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The Capitals’ injury woes have led to an early youth movement

Brett Leason was the third Capitals rookie to score a goal this season for the team. (Bruce Bennett/Getty Images)
4 min

TAMPA — At a team-bonding activity before the season began, Washington Capitals Coach Peter Laviolette looked around and noticed something. The Capitals were a veteran group, led by a 36-year-old captain and an aging core. But as Laviolette watched his team, he noticed youth, too — fresh-faced players alongside the gray-haired veterans.

And now the younger Caps are getting even more attention. Because of injury troubles, Washington has a roster strewn with young players. After nine games, eight players on the active roster are 25 or younger. Six of the eight were on the season-opening roster.

“There is a lot of youth that is coming from inside the organization, and you see them when we are in trouble. And they are contributing, and that is a good thing,” Laviolette said Monday night after the team’s loss to Tampa Bay. It was the first regulation loss of the season for Washington (5-1-3).

The Capitals, who face the Florida Panthers on Thursday night, have five rookies — Hendrix Lapierre, Connor McMichael, Martin Fehervary, Aliaksei Protas and Brett Leason — on the roster, three of whom made their debuts this season. Three have also scored their first NHL goal this year.

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Protas, a 20-year-old center, was the Capitals’ latest call-up from the team’s American Hockey League affiliate in Hershey, Pa., joining Washington after Nic Dowd was placed on injured reserve with a lower-body injury. Leason got the call last week after T.J. Oshie was hurt. Lapierre and McMichael are seen as placeholders for Nicklas Backstrom, who is still on long-term injured reserve.

Dowd is eligible to come off injured reserve Thursday. Oshie, who suffered a lower-body injury, is no longer using crutches but is still in a walking boot, and he is considered week-to-week. Backstrom is eligible to return Saturday but has yet to skate with the team.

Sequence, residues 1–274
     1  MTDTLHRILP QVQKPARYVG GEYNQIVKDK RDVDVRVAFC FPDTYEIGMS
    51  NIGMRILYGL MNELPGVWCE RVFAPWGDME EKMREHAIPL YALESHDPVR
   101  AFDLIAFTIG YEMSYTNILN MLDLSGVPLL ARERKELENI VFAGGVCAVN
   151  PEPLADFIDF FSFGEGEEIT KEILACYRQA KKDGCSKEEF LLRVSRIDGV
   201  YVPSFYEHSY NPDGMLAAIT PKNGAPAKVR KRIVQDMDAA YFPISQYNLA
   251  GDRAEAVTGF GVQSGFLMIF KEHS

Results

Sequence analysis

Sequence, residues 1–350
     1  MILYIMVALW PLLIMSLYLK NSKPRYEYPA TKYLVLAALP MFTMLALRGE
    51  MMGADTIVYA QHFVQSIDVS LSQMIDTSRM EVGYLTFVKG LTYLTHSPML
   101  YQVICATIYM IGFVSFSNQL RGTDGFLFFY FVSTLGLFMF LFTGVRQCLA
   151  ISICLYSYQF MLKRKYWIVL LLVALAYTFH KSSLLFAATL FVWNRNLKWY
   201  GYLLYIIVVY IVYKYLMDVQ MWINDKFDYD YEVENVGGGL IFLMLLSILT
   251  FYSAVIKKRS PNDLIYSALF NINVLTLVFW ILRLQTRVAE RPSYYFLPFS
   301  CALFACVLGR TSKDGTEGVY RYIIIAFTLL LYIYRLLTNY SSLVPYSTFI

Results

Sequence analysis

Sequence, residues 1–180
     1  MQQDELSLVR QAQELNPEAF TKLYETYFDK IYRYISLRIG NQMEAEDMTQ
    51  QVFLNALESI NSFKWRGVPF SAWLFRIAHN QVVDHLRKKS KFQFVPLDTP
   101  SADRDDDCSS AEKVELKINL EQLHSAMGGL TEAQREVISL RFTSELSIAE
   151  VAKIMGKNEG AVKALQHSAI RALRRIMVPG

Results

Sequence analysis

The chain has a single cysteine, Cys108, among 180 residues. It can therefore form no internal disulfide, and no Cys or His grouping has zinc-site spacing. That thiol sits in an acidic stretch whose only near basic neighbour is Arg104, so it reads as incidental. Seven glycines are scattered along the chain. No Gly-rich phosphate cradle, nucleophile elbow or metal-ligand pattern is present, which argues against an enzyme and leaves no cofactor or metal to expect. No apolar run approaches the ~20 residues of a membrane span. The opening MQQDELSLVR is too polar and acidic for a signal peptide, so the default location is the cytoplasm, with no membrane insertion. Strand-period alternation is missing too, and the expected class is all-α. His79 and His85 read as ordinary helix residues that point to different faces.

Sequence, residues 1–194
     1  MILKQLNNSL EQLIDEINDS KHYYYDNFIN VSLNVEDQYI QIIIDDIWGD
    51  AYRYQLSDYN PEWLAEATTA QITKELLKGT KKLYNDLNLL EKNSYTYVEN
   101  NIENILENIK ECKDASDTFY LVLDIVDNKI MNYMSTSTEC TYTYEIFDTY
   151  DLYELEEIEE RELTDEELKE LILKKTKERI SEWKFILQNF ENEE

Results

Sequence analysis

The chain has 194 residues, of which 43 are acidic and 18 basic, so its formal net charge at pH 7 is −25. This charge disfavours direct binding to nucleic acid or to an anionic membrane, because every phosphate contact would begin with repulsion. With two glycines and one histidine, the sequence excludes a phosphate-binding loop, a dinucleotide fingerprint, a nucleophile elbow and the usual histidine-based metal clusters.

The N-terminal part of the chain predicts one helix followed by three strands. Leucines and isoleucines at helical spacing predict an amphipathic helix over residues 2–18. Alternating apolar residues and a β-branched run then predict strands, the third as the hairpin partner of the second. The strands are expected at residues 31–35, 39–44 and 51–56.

Once the Capitals get healthy, a handful of the young players will probably head back to the AHL, or in Lapierre’s case his junior team. But for now, they are using their time with the big club to develop. Like all development, it comes with a learning curve. For some of the newer prospects, such as Protas and Leason, that means limited minutes.

Monday night, Protas only played 3:53. Leason, who tallied his first NHL goal, played 5:58. Protas and Leason both had one shift in the third. McMichael, who has yet to score his first NHL goal but had three shots on goal Monday, played two shifts in the third. Lapierre was a healthy scratch.

“We were pressing at the end, and it is a little more difficult on the road,” Laviolette said Monday night of the low minutes. “I thought they were fine, I looked at the minutes going into the third period … just leaning on the veteran players just to try and see if we could pull our way back into the game.”

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Laviolette acknowledged before the season that Washington didn’t need the young players to take control of the team — they are seen as contributors. What their future with the organization holds isn’t known, but the hope is they can all continue to grow.

“It’s fun,” Daniel Sprong, 24, said of the influx of young players. “Last year I was the youngest guy, and before the season started I was like, ‘Ah, I’m probably going to be the youngest guy again.’ And now we have a couple other young guys.”

A handful of players also noted this burst of youthful energy can help the Capitals, at least in the short term. When Tom Wilson made his NHL debut with Washington, he was also one of the few young players trying to break into a veteran-laden lineup. He called it one of the best times of his life.

“When I came in, it was just so much fun,” Wilson said earlier in the season. “You try to just be the kid, you don’t need to grow up too fast. … When we have the young guys coming in, I think it reminds you of those days. It’s fun to see the energy, and you need that in your group.”